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Predator Control
Predator Control - image of  raccoon in tree

The Commission Predator Control Permit allows the permit holder to conduct year-round shooting during the day and night and trapping of bobcat, coyote, gray fox, opossum, raccoon, red fox, and striped skunk on private land for the purpose of removing predators that impact game species such as wild turkey and northern bobwhite.

Permits are valid on from July 1-June 30. Trapping must be done in accordance with Commission Codes 17.01, 17.02 and 17.03. If at any time the applicant’s hunting license is revoked or suspended, the Predator Control Permit becomes invalid.

Predator control will be most effective in helping ground nesting birds in areas where the habitat is already managed appropriately and food and cover are adequate. If you have poor habitat, predator control is not likely to make any meaningful change for the better. We encourage landowners to first allow trappers to trap on their property during the regular trapping season in the winter and with efforts focused in January/February to limit time for furbearers to recolonize vacated ranges before using a Predator Control Permit.

Predator control will work better on larger properties (>500-1,000 acres) as other animals will be likely to move in quickly after any removals are complete on smaller acreages. Trapping will be the most effective technique to use in reducing predator numbers. When trapping strictly for predator control, setting traps in March-May would be best for removing animals immediately prior to/during nesting season. You will need to commit to setting and checking traps for at least a month with at least 1-2 traps per 50 acres. While we don't recommend it, if you are feeding deer during this period, set up at at least 3 traps at each feeder in addition to traps set in other areas on the property. Setting a few traps for a couple of days won't help. Regulations regarding trap types, sizes, trap tags are the same as during the trapping season.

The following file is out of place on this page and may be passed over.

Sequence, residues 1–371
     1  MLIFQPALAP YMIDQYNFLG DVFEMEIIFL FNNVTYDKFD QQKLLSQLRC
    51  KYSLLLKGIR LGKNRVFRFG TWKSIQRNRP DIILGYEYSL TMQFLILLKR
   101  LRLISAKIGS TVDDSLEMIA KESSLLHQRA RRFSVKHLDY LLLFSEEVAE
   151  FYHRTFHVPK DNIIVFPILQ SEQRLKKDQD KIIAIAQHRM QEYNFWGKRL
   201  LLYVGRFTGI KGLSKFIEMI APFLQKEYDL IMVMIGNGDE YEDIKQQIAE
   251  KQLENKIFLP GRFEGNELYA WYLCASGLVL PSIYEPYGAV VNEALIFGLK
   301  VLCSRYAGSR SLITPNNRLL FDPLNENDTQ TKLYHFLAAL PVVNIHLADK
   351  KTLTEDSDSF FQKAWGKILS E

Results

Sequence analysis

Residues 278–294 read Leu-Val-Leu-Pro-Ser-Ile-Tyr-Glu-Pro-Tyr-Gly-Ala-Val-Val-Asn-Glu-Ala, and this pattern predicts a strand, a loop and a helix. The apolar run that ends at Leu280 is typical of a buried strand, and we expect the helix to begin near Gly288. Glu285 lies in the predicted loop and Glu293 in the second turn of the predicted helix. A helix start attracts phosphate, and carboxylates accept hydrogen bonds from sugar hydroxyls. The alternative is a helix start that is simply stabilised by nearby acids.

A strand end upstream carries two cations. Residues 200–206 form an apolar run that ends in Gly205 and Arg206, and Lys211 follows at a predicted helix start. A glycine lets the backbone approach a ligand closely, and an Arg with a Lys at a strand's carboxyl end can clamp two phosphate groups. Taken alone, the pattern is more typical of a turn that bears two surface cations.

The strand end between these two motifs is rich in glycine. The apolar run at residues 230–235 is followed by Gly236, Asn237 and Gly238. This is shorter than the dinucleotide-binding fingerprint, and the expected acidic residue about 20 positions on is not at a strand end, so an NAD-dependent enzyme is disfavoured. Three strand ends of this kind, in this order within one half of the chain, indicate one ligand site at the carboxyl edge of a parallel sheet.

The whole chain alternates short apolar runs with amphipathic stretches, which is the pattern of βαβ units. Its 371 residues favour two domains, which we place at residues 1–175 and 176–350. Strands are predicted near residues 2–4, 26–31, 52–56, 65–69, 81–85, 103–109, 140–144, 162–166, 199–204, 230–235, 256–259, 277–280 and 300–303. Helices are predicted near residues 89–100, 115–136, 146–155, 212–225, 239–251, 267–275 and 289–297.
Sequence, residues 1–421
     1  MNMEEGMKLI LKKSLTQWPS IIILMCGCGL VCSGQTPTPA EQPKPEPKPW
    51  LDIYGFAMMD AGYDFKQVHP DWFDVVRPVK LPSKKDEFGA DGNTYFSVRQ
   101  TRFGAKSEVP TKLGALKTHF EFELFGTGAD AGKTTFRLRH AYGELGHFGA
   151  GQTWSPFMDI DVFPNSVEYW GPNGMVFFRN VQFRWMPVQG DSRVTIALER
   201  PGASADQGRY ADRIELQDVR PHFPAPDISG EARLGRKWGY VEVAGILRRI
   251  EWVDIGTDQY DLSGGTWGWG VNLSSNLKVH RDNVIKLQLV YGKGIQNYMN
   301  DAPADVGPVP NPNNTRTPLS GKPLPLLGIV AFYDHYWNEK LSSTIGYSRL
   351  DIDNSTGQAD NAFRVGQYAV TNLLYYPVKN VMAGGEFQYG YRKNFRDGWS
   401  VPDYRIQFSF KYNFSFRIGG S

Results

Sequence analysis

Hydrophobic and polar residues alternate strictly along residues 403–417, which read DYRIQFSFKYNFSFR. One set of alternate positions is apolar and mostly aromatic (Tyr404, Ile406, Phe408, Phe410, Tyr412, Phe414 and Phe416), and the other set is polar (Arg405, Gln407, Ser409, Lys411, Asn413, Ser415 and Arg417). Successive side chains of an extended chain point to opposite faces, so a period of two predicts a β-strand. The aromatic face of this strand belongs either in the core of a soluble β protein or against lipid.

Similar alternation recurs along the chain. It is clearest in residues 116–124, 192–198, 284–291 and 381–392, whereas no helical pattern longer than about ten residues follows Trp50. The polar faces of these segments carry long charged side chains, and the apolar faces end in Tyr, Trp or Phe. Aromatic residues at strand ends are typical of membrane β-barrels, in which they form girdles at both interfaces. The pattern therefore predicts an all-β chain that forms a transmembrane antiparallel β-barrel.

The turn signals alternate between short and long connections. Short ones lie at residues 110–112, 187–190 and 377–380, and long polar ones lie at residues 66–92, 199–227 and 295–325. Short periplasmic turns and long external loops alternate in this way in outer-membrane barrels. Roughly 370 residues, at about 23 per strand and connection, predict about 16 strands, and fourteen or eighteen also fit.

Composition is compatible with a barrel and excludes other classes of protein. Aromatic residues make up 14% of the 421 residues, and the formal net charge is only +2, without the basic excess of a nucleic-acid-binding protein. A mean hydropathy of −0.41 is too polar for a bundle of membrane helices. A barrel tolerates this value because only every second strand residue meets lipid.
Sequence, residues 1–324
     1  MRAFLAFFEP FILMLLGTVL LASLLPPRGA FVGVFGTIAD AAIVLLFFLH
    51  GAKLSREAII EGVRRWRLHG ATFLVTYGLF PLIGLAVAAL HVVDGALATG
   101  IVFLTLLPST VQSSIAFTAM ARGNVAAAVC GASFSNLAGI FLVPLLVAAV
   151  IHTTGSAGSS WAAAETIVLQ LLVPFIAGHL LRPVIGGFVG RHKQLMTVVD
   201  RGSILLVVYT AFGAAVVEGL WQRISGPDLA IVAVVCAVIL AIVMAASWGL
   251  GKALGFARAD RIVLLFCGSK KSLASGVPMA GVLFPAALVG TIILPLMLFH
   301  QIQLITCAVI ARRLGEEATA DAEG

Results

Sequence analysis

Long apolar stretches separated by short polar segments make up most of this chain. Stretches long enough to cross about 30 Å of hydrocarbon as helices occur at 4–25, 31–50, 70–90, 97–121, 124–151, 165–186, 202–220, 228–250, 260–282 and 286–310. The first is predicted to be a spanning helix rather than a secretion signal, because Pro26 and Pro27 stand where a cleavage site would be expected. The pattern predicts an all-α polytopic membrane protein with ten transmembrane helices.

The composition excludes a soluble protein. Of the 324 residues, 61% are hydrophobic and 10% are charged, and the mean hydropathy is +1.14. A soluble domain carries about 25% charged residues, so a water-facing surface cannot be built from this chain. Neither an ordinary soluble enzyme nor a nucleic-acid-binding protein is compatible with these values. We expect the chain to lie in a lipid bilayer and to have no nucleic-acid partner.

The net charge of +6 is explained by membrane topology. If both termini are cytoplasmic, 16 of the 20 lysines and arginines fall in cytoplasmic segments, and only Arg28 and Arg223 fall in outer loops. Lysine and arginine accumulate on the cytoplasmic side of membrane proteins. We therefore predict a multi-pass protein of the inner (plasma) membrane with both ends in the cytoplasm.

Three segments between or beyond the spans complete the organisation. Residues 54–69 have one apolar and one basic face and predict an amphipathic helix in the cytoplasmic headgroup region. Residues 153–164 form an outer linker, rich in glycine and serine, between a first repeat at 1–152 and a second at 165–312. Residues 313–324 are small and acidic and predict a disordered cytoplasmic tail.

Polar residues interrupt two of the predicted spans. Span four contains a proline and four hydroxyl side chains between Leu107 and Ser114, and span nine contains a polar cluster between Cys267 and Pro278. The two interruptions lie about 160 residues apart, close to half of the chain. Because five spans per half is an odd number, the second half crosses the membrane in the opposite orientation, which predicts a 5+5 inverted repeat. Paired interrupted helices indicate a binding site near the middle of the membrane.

Predator control will need to be conducted annually. Reductions in predator populations are only temporary, even on larger properties, and other animals will move in quickly after removals.

If you wish to protect domestic livestock or pets, coyotes and raccoons can be shot during the day or trapped year-round without a permit. But, if you wish to shoot them at night to protect livestock, you will need to obtain a Depredation Permit, and not the Predator Control Permit. Contact your local AGFC office for details on how to obtain this permit.

Apply for a Predator Control Permit